The fishing industry in Japan, which processes tons of seafood yearly, also throws away tons of DNA from fish gametes. Researchers at the Chitose Institute of Science and Technology in Japan, in partnership with our laboratory, have processed this discarded DNA into a surfactant complex and scaled the process up to a multigram scale (Wang et al., 2001). In this form and at this scale, DNA can be spin-coated into traditional electronics architectures. Recently, a DNA electron-blocking layer spin-deposited on the hole-injection side of the electron-hole recombination layer greatly enhanced LED efficiency and performance (Hagen et al., 2006) (Figure 1- see PDF version for figures).

In another approach, we have attempted to use biology indirectly in advanced material synthesis and devices. Similar to the refrain from a commercial for a popular chemical company, biology isn’t in the final material, but it makes the final material better. Researchers around the world racing to harness the incredible electronic, thermal, and mechanical properties inherent in single-walled carbon nanotubes (SWNTs) have run into a formidable obstacle. After a typical synthesis run, there is a large variety (both in length and diameter) of carbon nanotubes. This variety contributes to a number of chiralities, which dictate the metallic or semiconducting nature of the SWNT. Much of this size heterogeneity arises from the heterogeneity of the starting metallic nanoparticles used to catalyze the growth of SWNTs.

Ferritins and ferritin-like proteins sequester iron (in the form of iron oxide) in precisely defined cavities ranging from 8 nm to 4 nm for human and bacterial forms, respectively. We recently engineered a bacterial form called DPS to produce uniform, mono-disperse iron oxide particles (Kramer et al., 2005). We reasoned that a monodisperse starting pool of nanoparticles would lead to a more monodisperse population of SWNTs. After the bacterial protein was used to produce the iron oxide particles, the biological shell was removed via scintering in a reduced atmosphere and subjected to gas-phase carbon-nanotube growth. The resulting SWNTs adopted the monodisperse character of the starting catalyst particles. Thus, biology was not in the final product but was used to make a technologically promising material better.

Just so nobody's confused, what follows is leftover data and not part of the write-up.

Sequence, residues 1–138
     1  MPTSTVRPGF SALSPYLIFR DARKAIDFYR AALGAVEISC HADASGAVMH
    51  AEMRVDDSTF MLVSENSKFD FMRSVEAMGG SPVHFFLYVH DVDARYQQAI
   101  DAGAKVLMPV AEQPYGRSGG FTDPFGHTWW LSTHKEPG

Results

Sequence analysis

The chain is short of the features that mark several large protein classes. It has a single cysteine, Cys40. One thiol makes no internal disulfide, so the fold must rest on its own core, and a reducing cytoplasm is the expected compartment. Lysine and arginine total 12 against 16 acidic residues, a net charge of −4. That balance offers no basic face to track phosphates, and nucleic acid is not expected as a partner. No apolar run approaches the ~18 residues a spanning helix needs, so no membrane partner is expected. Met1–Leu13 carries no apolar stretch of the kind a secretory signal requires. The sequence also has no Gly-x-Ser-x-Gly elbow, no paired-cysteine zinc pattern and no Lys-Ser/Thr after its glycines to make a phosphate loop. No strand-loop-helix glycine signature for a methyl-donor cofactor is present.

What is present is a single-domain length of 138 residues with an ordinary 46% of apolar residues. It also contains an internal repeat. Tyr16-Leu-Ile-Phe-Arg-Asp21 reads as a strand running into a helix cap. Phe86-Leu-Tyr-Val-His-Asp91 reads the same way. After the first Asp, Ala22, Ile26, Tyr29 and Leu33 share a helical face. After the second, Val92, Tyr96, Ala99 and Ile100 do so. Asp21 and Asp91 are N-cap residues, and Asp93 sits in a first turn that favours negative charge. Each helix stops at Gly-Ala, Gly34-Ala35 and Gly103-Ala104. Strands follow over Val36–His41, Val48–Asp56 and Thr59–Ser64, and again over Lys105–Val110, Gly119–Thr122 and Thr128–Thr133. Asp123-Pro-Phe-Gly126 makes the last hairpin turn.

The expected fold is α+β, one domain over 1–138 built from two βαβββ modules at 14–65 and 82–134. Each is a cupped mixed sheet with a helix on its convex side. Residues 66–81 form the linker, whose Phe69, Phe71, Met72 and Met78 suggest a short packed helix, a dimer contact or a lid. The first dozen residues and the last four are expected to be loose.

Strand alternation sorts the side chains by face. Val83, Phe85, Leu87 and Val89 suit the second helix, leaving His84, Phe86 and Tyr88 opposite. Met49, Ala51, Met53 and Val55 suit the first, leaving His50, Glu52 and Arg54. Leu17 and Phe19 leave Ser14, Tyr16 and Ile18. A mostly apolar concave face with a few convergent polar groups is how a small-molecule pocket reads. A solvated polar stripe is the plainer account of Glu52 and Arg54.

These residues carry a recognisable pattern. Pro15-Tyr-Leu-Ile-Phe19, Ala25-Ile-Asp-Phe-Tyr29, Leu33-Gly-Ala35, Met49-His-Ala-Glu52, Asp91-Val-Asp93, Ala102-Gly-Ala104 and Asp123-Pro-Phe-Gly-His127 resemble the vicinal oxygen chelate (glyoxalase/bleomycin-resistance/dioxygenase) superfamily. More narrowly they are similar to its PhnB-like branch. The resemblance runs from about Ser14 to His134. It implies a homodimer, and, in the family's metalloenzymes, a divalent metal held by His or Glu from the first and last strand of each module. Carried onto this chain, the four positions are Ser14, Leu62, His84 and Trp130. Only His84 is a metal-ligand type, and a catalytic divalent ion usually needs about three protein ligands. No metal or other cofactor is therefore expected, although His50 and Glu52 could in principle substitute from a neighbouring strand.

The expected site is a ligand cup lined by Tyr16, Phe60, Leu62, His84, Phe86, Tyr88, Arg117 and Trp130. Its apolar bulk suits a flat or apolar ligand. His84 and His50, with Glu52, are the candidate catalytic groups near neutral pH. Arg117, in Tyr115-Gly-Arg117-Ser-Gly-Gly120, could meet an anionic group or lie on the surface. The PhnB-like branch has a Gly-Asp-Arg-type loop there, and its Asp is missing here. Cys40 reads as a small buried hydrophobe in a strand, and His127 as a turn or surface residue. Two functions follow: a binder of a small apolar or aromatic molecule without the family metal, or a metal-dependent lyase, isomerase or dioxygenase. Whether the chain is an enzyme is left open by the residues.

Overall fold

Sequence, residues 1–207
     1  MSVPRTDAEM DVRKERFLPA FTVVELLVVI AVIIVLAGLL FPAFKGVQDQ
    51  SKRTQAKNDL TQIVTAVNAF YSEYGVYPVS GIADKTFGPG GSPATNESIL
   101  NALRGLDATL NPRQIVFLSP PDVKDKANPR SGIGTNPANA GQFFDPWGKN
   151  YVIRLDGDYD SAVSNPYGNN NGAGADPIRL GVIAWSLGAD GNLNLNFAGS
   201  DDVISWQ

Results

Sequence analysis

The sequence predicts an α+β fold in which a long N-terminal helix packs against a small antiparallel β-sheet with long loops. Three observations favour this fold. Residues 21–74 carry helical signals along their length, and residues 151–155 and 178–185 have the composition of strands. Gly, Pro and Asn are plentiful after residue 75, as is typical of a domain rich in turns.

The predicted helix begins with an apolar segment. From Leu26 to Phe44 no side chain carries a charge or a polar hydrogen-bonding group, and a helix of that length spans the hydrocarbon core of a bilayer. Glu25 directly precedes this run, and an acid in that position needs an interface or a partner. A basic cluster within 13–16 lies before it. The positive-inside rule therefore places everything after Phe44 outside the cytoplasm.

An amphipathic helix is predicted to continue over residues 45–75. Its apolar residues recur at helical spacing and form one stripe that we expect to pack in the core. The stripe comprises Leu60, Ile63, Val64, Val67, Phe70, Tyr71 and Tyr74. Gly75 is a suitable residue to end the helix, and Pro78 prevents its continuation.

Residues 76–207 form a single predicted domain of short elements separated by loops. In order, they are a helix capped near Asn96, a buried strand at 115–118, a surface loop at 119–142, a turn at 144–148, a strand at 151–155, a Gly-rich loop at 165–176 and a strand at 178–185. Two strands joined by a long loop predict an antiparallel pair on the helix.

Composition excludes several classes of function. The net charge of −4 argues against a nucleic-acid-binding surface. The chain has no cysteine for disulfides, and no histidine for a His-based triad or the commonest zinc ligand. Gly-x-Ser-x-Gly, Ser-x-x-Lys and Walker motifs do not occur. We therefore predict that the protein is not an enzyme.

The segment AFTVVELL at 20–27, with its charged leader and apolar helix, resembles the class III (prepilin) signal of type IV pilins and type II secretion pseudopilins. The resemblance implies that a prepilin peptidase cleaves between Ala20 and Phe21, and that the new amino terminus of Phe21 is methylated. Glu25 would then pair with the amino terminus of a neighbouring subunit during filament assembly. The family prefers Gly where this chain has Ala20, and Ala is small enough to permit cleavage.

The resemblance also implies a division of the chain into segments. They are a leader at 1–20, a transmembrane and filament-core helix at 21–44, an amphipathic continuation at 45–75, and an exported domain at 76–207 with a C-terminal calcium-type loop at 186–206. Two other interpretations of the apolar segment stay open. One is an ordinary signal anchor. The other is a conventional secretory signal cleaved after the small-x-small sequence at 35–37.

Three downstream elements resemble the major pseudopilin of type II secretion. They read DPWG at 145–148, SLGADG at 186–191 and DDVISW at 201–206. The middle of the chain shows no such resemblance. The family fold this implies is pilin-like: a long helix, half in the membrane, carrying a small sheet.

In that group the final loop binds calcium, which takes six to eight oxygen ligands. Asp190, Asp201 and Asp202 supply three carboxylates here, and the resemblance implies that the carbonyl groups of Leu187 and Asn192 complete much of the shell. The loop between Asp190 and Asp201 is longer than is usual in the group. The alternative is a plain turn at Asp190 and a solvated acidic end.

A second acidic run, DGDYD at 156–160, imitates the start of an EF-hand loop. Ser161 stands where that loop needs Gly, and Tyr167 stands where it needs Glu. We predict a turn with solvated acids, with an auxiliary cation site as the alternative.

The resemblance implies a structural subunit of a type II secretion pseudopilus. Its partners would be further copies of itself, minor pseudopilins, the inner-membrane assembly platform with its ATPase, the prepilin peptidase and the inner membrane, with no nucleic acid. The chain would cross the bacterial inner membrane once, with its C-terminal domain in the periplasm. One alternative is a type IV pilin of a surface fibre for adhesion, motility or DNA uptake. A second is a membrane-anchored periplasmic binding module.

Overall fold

Materials Science and Engineering Overlap Biology
From a materials science and engineering perspective, favorable electronic and structural properties usually emerge when the synthesis process can be controlled at finer and finer levels. Hence the frenzy and hype over nanotechnology. As illustrated in the carbon nanotube example, biology can provide tools for controlling and/or synthesizing materials at the molecular level.